First off, I love cars, I own an odd one, and, thanks in part to Make: magazine, I've even raced them a little bit. That's why I've deluded myself into thinking my opinion on this has any relevance here at all. So, if you don't mind, indulge me.

Recently, a study showed that people tended to prefer cars with "angry" faces. Auto designers have known this for a while, as the vast majority of cars available today have "faces" (you know, the front end arrangement of headlights, grille, and shapes that we tend to read like a face) that are at least aggressive, and at most absolutely freaking livid. This is across the board, too-- from entry-level cars to minivans to expensive sports sedans-- they all look like pissed-off turtle robots. There are exceptions, of course, but many of the most notable ones (New Beetle, Mini) are modern updates of vintage designs.


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Electro-Mechanical Arcade Games

Jason Torchinsky is a guest blogger on Boing Boing. Jason has a book out now, Ad Nauseam: A Survivor's Guide to American Consumer Culture. He lives in Los Angeles, where he is a tinkerer and artist and writes for the Onion News Network. He lives with his partner Sally, five animals, too many old cars, and a shed full of crap.

Before computers became small, cheap, and reliable enough for this purpose, people still had the desire to stand in front of armoire-sized cabinets, stare into a glass panel, and pretend to do things they normally didn't do, like kill aliens, drive like a madman, or work in a junkyard. The way they did these things was with wonderful, complicated electromechanical arcade games.

These electromechanical games are incredible contraptions, using every kind of trick-- projections, spinning drums, remotely articulated models, whirring discs, mirrors, lights-- to give the illusions of speed, action, explosions, distance, and more. Looking at them, it's amazing they worked so well in such a high-abuse public environment. These are real engineering gems, long gone, and very rare now. Luckily, there's a bunch of videos out there, since stills really don't do these justice: Speedway, Hill Climb, Invaders, Haunted House. Enjoy!

Oil well rule of thumb

From the Rules of Thumb website:
A deep oil well has the same proportions as a human hair ten feet long. -- Harold E. Haynes
Picturing an oil well

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Man on the Moon: Video of long lost musical by John Phillips Produced by Andy Warhol 1975 Link

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Blue Food Coloring Un-Paralyzes Rats

Jason Torchinsky is a guest blogger on Boing Boing. Jason has a book out now, Ad Nauseam: A Survivor's Guide to American Consumer Culture. He lives in Los Angeles, where he is a tinkerer and artist and writes for the Onion News Network. He lives with his partner Sally, five animals, too many old cars, and a shed full of crap.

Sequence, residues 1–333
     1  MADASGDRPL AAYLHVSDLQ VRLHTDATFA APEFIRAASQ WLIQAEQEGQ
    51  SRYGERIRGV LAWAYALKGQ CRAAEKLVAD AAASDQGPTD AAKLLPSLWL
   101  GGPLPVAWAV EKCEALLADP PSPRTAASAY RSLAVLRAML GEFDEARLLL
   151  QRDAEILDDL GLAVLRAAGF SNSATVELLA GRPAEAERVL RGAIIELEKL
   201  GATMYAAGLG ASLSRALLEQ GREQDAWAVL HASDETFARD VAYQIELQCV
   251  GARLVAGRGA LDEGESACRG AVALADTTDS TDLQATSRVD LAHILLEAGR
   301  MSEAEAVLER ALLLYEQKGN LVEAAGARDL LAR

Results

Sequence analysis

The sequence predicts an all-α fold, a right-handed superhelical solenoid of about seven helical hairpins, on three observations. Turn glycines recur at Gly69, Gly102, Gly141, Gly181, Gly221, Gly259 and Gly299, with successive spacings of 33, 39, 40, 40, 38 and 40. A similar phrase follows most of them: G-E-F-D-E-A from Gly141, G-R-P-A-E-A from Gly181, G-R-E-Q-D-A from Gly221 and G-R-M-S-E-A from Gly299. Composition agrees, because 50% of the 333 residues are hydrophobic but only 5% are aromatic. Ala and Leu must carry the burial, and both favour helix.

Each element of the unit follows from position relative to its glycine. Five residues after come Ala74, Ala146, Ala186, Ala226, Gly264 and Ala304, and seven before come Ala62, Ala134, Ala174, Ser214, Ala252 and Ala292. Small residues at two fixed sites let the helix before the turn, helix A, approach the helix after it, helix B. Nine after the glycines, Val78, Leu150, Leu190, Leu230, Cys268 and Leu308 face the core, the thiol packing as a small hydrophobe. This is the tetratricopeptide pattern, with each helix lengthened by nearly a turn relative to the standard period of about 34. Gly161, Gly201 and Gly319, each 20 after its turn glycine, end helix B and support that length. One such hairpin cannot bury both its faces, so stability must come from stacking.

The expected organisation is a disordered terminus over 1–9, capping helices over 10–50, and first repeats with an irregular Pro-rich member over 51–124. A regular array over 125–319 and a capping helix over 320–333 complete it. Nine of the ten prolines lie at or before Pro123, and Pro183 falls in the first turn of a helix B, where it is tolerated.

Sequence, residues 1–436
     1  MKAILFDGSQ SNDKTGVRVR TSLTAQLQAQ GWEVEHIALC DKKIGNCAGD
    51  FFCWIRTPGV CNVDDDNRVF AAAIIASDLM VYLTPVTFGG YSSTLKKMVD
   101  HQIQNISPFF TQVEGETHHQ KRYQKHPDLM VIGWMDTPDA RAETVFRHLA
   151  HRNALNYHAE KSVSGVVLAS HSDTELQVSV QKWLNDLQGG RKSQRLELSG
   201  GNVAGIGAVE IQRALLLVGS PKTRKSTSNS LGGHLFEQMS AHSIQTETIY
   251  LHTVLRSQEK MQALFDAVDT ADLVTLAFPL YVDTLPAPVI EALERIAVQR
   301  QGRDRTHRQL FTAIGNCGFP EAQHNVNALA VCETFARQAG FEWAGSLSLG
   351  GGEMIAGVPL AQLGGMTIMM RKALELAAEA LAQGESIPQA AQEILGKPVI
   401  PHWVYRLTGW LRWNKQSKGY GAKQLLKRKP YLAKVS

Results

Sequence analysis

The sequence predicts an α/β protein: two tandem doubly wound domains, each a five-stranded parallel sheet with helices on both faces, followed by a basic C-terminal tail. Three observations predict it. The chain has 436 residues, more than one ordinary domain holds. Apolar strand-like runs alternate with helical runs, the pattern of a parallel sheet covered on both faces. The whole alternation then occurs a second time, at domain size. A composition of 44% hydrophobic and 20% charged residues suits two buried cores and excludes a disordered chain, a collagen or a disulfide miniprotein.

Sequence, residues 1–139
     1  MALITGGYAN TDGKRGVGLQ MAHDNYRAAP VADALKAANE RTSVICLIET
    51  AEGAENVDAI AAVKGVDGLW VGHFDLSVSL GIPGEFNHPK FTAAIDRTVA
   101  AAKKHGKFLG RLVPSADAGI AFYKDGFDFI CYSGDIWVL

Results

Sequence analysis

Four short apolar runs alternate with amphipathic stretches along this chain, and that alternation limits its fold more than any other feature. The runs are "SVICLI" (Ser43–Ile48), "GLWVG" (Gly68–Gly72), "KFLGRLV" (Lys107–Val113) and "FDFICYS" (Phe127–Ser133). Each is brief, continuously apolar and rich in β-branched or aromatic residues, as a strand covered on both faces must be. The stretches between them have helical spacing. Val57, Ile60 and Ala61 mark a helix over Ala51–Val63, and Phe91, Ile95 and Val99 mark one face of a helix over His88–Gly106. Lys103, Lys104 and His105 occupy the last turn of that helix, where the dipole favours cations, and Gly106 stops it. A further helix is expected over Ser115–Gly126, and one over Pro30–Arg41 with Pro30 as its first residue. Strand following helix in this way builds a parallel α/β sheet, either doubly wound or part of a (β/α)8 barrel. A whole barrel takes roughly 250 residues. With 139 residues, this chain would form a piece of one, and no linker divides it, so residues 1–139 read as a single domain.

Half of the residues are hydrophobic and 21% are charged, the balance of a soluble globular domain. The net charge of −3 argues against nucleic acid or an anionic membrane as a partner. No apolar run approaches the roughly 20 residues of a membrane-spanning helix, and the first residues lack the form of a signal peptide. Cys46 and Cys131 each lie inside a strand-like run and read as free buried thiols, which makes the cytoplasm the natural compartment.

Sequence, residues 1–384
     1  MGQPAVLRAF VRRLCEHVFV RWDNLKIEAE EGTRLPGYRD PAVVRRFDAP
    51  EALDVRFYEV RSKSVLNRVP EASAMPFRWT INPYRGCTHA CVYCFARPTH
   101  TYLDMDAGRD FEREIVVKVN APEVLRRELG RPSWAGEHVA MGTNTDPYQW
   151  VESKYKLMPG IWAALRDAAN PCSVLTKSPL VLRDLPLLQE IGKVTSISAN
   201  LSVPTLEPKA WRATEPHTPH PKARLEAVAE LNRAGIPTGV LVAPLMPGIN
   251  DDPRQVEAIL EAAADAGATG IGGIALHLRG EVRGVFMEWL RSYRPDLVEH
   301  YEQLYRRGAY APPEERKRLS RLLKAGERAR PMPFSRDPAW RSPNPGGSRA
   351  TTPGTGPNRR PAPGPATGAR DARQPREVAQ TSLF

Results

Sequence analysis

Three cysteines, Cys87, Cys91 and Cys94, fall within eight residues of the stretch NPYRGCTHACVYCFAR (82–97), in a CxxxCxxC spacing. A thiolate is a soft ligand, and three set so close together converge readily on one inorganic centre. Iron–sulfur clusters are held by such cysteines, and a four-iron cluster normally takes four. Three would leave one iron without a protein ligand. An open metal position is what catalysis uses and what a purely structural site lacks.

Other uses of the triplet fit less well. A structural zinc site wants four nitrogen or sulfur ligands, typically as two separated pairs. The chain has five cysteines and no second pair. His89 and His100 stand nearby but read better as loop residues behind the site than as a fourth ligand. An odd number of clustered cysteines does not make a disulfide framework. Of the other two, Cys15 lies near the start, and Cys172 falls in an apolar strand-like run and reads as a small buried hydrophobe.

This article at National Geographic gives a good gist of what's going on: apparently, regular old blue food coloring, like the stuff you find in Gatorade or M&Ms, has been found to reduce spinal cord trauma and inflammation, leading to at least a partial reversal of paralysis, at least in some mice. And, unlike other treatments, there's no toxic effects.

And the best part? They turned blue! Now there's hope for anyone hoping to both regain use of paralyzed limbs and a desire to look like a really cold guy in a cartoon.


Susan Blackmore: "Genes, memes, and now what?"

Susan Blackmore, author of the excellent book The Meme Machine, has suggested that beyond genes and memes, there is a new evolutionary "replicator" on the scene. She doesn't have a name for it, but it's related to the difference she sees between memes and digital information. From New Scientist:
Memes work differently from genes, and digital information works differently from memes, but some general principles apply to them all. The accelerating expansion, the increasing complexity, and the improving interconnectivity of all three are signs that the same fundamental design process is driving them all. Road networks look like vascular systems, and both look like computer networks, because interconnected systems outcompete isolated systems. The internet connects billions of computers in trillions of ways, just as a human brain connects billions of neurons in trillions of ways. Their uncanny resemblance is because they are doing a similar job.

So where do we go from here? We humans were vehicles for the first replicator and copying machinery for the second. What will we be for the third? For now we seem to have handed over most of the storage and copying duties to our new machines, but we still do much of the selection, which is why the web is so full of sex, drugs, food, music and entertainment. But the balance is shifting.
"Evolution's third replicator: Genes, memes, and now what?"

Shrink: I will create a WoW guild of shrinks to treat WoW addiction

A London-based shrink named Dr Richard Graham wants to create an all-psychiatrist guild for World of Warcraft to treat "addiction" to the game, in the game. And he wants them all to get free accounts.
He has called on Blizzard Entertainment, the company that makes World of Warcraft, to waive or discount the costs associated with joining the game so that therapists can more easily communicate with at-risk players in their preferred environment.

"We will be launching this project by the end of the year. I think it's already clear that psychiatrists will have to stay within the parameters of the game. They certainly wouldn't be wandering around the game in white coats and would have to use the same characters available to other players," said Dr Graham.

"Of course one problem we're going to have to overcome is that while a psychiatrist may excel in what they do in the real world, they're probably not going to be very good at playing World of Warcraft.

"We may have to work at that if we are going to get through to those who play this game for hours at end."

Addiction therapists signing up to World of Warcraft (via Futurismic)

How-To: Rubber hose chair


This handsome chair looks like a prototype you'd find in the workshop of a mid-century furniture designer. Instructions are at Instructables.

How-To: Rubber hose chair